When the glory fades

Kelvingrove Park

Kelvingrove Park, part of Glasgow 2014’s cycling road race

Today marks one year since my first bike ride to work. Since then I’ve covered over 3,700 miles, wearing out an entire drive-train in the process, and “enjoyed” pretty much every kind of weather Glasgow had to throw at me. I’m also a good bit fitter than I was 12 months ago, evidenced by the fact that today’s journey took almost 10 minutes less than that first one a year ago, despite being longer thanks to a few diversions.

And yet, instead of celebrating what I’ve been able to do over the past year, my journey today had a very melancholy feeling about it. Don’t get me wrong, I’m very proud to have come so far (no pun intended… well, maybe a little bit) but my journey across the city passes by – and through – several of the Commonwealth Games venues, and it’s just not the same as it was last week.

Take Glasgow Green for example. The pathways I normally use are still closed (hence the diversions) so instead of hugging the river I had to take the long way round, which took me past the entrance to what was the Live Zone, now sadly closed. The Ferris wheel, which we never rode on in the end, is still there, but it’s stationary, waiting to be dismantled and moved on to the next big event. I even caught a glimpse of the road events’ finish line, deserted and nothing like it was at the weekend.

It was the same story along the Clydeside – what was bustling just a week ago was now virtually empty, returned back to normal just like the rest of the city. Even the buzz of riding the same Kelvingrove paths that the likes of Geraint Thomas, Peter Kennaugh, David Millar and Scott Thwaites did on Sunday was fleeting.

I don’t think I’m alone in having the post-Games blues. I’m pretty sure loads of folk across the city are feeling the same way. There’s even a petition to have the official mascot, Clyde, adopted by the city, and made a permanent mascot, which I’ve signed. I almost shed a tear last night when I showed his farewell video to the kids. They absolutely loved him, and hearing Heather ask “where’s he going?” and “he’ll be back next year though, won’t he?” tugged on the old heartstrings even more than the video itself.

More positively, I think Glasgow has put on a great show for the world, and showed itself off as the fantastic city it is, and I’m sure the benefits of that will reaped for years to come – decades even.

I’ve no idea what the next big event will be, but I’m confident that there will be one. And I, for one, can’t wait to do it all over again.

This autumn I'm running/cycling in a 30km duathlon and a half marathon, to raise money for Breast Cancer Campaign. You can read more about my challenge here or support me here. All donations, however big or small, gratefully received!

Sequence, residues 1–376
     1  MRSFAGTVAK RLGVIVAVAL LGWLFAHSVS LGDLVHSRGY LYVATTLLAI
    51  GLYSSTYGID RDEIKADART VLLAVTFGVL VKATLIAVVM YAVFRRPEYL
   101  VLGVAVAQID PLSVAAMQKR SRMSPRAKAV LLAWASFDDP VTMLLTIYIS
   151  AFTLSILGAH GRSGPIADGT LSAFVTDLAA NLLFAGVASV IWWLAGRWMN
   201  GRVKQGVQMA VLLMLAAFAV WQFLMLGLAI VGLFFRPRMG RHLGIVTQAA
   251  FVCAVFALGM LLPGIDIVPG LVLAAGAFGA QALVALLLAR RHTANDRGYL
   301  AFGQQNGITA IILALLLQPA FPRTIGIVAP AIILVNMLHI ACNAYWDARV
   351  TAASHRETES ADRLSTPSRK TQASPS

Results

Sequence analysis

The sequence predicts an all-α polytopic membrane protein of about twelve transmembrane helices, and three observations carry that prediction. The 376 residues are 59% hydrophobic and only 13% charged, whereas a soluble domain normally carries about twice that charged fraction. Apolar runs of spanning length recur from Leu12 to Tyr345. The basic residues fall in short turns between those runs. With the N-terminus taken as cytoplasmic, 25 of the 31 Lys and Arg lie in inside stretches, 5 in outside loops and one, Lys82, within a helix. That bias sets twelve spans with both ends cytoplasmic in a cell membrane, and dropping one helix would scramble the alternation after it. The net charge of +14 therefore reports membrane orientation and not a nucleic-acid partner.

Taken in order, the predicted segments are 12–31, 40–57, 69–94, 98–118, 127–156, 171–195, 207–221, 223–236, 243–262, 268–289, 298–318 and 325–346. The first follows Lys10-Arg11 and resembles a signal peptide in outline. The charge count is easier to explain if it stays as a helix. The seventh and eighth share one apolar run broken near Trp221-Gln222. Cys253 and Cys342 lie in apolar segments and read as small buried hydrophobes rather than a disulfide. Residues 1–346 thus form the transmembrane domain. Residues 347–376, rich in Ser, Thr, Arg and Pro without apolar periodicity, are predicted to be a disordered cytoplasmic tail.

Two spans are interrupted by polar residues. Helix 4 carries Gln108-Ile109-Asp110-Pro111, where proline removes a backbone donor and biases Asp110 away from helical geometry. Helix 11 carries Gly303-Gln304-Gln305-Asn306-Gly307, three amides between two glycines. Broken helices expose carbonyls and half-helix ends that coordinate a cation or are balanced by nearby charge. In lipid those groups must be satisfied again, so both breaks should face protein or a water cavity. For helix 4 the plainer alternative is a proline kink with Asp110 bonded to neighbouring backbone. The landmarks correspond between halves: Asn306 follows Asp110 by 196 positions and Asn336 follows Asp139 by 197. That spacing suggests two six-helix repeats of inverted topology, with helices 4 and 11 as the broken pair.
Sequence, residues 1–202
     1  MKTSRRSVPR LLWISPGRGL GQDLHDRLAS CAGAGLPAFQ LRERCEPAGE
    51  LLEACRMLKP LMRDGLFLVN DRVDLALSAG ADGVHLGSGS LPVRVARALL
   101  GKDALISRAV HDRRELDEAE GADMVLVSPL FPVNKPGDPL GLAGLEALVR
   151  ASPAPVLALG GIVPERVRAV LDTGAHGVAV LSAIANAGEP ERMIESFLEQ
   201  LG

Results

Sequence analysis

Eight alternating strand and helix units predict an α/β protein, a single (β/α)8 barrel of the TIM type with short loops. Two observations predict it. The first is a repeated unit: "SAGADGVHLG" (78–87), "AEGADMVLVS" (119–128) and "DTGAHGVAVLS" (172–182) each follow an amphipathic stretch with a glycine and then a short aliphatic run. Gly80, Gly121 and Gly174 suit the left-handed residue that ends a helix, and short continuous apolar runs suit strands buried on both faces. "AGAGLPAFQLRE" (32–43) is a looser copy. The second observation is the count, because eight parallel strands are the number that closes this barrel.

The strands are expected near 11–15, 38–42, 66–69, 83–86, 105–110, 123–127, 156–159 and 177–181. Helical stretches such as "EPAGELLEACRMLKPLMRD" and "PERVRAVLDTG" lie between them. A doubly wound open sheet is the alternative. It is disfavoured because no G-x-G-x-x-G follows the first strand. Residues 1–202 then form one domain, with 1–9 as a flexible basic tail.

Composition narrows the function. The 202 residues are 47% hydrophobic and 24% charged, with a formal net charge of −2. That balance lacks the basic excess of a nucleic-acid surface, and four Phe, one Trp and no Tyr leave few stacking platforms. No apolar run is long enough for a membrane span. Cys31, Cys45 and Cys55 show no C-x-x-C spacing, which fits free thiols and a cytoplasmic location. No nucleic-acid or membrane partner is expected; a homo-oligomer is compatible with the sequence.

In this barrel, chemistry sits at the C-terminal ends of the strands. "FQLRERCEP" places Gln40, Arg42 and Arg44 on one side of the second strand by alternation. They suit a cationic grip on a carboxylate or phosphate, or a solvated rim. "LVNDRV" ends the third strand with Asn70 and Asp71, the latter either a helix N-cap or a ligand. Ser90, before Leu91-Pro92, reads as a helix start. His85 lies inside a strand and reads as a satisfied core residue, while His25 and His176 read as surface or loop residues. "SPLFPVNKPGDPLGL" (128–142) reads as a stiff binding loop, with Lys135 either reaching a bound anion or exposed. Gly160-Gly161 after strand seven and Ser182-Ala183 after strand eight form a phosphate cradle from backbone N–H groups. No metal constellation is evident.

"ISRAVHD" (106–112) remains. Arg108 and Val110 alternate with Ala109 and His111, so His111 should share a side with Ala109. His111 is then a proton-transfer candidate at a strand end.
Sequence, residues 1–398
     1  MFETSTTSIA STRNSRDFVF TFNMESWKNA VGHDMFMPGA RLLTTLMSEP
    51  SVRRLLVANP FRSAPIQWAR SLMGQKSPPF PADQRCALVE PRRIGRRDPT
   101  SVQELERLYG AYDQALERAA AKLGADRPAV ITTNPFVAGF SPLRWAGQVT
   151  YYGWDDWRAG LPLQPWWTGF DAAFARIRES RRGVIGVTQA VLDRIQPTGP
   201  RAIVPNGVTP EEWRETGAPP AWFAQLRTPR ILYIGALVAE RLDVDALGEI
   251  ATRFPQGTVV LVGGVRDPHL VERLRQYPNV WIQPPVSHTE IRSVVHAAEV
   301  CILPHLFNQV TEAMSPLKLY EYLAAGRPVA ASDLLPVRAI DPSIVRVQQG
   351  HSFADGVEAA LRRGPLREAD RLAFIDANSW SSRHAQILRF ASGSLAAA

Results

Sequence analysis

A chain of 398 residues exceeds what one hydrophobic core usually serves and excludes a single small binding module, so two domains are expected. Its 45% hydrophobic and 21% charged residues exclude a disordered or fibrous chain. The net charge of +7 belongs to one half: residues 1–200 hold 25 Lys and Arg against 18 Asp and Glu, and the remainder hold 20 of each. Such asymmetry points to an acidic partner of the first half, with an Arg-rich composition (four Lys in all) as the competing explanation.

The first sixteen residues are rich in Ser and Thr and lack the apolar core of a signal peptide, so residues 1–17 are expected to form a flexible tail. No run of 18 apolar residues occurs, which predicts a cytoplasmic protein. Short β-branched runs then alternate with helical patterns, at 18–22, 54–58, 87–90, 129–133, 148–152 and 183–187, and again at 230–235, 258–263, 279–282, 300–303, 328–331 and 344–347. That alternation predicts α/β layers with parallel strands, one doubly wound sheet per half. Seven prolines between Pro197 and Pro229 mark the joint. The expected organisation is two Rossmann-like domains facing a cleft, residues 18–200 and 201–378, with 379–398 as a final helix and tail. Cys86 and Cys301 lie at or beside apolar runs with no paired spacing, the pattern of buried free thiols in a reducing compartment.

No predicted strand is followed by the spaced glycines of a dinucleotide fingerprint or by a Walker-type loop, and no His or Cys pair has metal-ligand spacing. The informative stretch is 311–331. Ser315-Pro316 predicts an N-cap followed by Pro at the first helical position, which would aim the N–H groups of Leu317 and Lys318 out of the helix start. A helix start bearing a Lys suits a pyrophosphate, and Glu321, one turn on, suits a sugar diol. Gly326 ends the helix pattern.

NFL fan night – Edinburgh, 7th January 2013

Jeff Reinebold, Neil Reynolds and Mark Brunell 7-Jan-2013

On Sunday I wrote about my excitement at my team, the Washington Redskins, returning to relevance with their first division title, and first home playoff game, since 1999. Sadly the  excitement was short-lived, as the season came to a shuddering halt, along with quarterback Robert Griffin III’s injured knee. Fingers crossed it’s not as career threatening as it looks, but it’s definitely a nasty one.

My post-season blues were very quickly shrugged off, though, as I had something else to look forward to – an NFL fan night to be held in Edinburgh the following evening. Although I hadn’t been lucky enough to secure tickets, my friend Ian had, and so it was that we headed through to Auld Reekie not really knowing what to expect.

We arrived at the venue, the rather magnificent Hub, about 10 minutes before the evening was due to begin, and found ourselves decent seats in the middle of the hall. I reckon about 200 fans were in attendance, mainly decked out in NFL jerseys or other merchandise, and with most of the league’s 32 teams represented – exactly the kind of thing I expect the organisers were expecting to see.

After a brief welcome from Sky Sports’ Neil Reynolds, the evening began with a film, Barry Sanders: A Football Life. Now I love NFL Films, who’ve been setting the standard for sports documentaries for a long, long time. And this retrospective of one of the best running backs of all time (third best, according to his own father!) didn’t disappoint. The mix of archive footage and interviews, mixed with modern day interviews was perfectly presented, and I learned a lot about a player I remember fondly but didn’t have much opportunity to see play.